According to Jose Antonio, CEO of the international Society of Sports Nutrition, "BCAAs still play a role in reducing muscle soreness, there are instances where consuming whole protein just won't be convenient, for example, long training rides on a bike."

Studies have shown that there was less muscle damage and a faster recovery of muscle function in subjects given BCAAs vs those given placebo. Leading Antonio to conclude, "BCAAs should not be marketed as muscle building supplement, but something to take intra workout to reduce soreness."


Due to these recent studies, Dr. Susan Kleiner, a Sports Nutrition formulation expert, says it’s important “to let clients know that BCAA supplementation may decrease their muscle protein synthesis and turnover, making them certainly not helpful, and possibly harmful, to their goals."

To repeat, BCAAs are more likely to hurt not help your goals of muscle building. Considering the billions of dollars earned by the sales and marketing of BCAAs for the prupose of muscle building, this may be one of the largest scams in the supplement world for the last decade.


Aaron HoyComment

The Thoracic Spine

The thoracic spine should be able to bend, flex, extend and rotate to varying degrees, but often is the case with athletes and the general public alike, these motions get diminished over time. Mis-use, sedentary postural demands, and modern devices such as the cell phone, computer, and TV, have caused an orthopedic spinal epidemic. When a loss of thoracic spine mobility exists, the shoulder above and lower back below must become more mobile and less stable to compensate for lost movement.

With this loss of thoracic mobility, the scapula’s path of movement and its range of motion is altered, often to the detriment of soft tissue in the area. Poor biomechanics develop when the scapula is unable to move freely through elevation, depression, protraction, retraction, upward and downward rotation which may lead to pain.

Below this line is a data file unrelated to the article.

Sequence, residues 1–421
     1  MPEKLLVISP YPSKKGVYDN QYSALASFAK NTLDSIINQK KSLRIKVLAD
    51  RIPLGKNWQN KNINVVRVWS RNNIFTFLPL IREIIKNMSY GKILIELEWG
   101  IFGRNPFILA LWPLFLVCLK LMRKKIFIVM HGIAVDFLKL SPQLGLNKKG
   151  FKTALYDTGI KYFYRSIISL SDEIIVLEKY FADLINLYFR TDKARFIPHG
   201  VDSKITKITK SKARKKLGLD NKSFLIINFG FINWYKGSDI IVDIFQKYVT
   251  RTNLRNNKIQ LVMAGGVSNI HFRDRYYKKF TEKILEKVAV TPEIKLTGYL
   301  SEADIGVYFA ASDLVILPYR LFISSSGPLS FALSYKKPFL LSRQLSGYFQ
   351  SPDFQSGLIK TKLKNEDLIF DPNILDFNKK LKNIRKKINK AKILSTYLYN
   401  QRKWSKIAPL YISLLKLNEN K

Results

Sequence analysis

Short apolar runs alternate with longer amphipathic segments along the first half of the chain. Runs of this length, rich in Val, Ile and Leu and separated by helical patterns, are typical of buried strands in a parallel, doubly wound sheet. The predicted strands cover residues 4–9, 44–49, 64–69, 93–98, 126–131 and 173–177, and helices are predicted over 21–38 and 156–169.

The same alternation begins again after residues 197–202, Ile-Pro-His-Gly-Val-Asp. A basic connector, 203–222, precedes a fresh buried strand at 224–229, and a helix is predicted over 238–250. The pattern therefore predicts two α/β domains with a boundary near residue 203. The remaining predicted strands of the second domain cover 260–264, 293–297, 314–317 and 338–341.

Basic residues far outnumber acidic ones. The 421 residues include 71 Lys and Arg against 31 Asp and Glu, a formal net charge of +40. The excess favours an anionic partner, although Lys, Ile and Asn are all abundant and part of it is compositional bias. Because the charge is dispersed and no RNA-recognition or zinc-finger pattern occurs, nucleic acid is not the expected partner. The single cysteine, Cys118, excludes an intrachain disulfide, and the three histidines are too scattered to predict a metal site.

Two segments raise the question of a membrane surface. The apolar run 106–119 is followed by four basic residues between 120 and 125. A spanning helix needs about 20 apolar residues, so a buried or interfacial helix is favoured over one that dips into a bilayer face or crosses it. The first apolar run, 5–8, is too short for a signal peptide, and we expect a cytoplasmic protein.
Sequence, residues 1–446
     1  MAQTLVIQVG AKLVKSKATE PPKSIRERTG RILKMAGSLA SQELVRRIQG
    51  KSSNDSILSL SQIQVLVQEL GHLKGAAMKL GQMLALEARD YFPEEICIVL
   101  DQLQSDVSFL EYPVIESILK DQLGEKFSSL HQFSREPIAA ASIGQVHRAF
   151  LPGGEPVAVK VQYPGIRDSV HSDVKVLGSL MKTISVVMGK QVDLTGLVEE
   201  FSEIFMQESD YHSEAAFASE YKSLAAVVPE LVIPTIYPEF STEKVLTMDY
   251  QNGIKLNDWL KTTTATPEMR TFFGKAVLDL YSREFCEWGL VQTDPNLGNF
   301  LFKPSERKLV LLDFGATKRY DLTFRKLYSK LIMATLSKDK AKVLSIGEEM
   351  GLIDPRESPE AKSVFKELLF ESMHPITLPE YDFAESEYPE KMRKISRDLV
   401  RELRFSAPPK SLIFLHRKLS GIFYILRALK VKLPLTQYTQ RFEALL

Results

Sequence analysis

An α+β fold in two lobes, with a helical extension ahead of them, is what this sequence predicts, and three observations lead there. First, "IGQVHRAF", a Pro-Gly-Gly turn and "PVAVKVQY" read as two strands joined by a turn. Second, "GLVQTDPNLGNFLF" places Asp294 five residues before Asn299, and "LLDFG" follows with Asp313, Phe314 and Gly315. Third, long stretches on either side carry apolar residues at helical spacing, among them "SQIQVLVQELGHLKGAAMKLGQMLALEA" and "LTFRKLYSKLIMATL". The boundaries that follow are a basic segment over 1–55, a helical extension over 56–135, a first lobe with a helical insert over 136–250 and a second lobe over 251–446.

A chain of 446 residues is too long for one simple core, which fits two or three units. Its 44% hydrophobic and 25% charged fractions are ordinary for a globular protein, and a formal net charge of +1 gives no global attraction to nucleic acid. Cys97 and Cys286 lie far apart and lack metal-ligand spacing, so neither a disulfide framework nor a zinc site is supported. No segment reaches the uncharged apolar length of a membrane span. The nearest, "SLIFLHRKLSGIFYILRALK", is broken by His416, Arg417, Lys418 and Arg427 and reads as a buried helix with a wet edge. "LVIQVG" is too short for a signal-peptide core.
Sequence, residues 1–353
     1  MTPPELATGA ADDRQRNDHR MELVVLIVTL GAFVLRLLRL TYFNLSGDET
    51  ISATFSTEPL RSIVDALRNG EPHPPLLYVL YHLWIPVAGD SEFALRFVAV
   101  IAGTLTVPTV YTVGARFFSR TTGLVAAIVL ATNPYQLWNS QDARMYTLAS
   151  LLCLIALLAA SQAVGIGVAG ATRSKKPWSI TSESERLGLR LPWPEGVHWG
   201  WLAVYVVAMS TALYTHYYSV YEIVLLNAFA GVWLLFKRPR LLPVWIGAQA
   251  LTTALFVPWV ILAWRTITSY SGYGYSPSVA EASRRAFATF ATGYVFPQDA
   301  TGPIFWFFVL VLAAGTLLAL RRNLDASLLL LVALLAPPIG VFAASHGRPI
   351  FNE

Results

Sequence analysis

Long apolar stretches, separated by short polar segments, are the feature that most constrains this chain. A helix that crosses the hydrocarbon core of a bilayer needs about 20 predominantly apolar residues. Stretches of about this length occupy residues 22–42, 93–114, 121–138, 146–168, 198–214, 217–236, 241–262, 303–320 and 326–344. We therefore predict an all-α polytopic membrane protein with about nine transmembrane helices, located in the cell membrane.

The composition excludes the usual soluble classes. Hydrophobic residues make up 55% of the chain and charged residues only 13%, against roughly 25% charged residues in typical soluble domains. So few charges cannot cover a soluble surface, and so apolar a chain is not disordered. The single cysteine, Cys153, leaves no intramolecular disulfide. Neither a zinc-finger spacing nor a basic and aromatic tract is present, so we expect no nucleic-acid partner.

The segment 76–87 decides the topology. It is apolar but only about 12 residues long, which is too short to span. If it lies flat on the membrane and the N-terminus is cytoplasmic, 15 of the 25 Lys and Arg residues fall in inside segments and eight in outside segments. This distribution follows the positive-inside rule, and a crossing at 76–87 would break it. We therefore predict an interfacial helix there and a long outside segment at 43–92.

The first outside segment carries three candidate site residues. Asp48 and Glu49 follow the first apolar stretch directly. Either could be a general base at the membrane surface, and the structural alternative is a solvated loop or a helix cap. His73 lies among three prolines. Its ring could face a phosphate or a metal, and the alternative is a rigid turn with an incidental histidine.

When the scapula isn’t moving optimally due a stiff thoracic spine, any attempts to do anything overhead is going to result in a compromise at the lumbar spine. What was once a stable joint, now has to have a degree of mobility in order to complete the task. This increased mobility may lead to lower back pain.

Fix T-Spine Mobility, then Stabilize

Before we can maintain a strong extended position of the thoracic spine, we must create the necessary range of motion through both extension and rotation drills. Once the thoracic spine has been treated, mobilized and activated, it’s a prime opportunity to lock in these changes with strength exercises. All the mobilization and stretching in the world won’t do any good without retraining new movement patterns.

Below are a few exercises to help with extension and rotation. After achieving full range of motion and increased mobility, follow these with strengthening lifts such as front squats and kettlebell windmills.


Bench T-Spine Mobilization

Get into a quadruped position with the knees on the ground and elbows on an elevated surface, like a bench shoulder width apart. While holding a dowel, rock your hips back and press your chest toward the ground. As you do this, slowly bring the dowel over your head. Breathe into the stretch, then return back to the starting position.


Unilateral Leg Rock with Thoracic Rotation

Set up in a quadruped position, then extend one leg out to the side. Rock your hips back toward your butt slightly, place one hand behind your head and rotate in toward the base arm with the shoulder and thoracic spine. Once you reach your limit without compensating, rotate back out.


Quadruped Thoracic Spine Rotation w/ Lumbar & Shoulder Lock

Set up in a quadruped position, then place one hand behind the lumbar spine. Rock your hips back to maintain an ass to heel position, rotate in toward the base arm with the shoulder and thoracic spine. Once you reach your limit without compensating, rotate back out.


Hybrid Quadruped Thoracic Spinal Rotation

Set up in a quadruped position, place one hand behind your head and rotate in toward the base arm with the shoulder and thoracic spine. Once you reach your limit without compensating, rotate back out while rocking back with your hips to the ass to heel position. Rock forward to the quadruped position and repeat rotating toward the base arm.


Quadruped Band Assisted Thoracic Rotation

Attach a band to a rack, grab the band and then set up in a quadruped position. You want to be far enough away where there is tension in the band. Hold the band with the outside hand, and then let the band slowly pull your shoulder and T-spine into rotation. Avoid shifting your bodyweight with the band. We’re solely looking for the band to assist us into that thoracic rotation.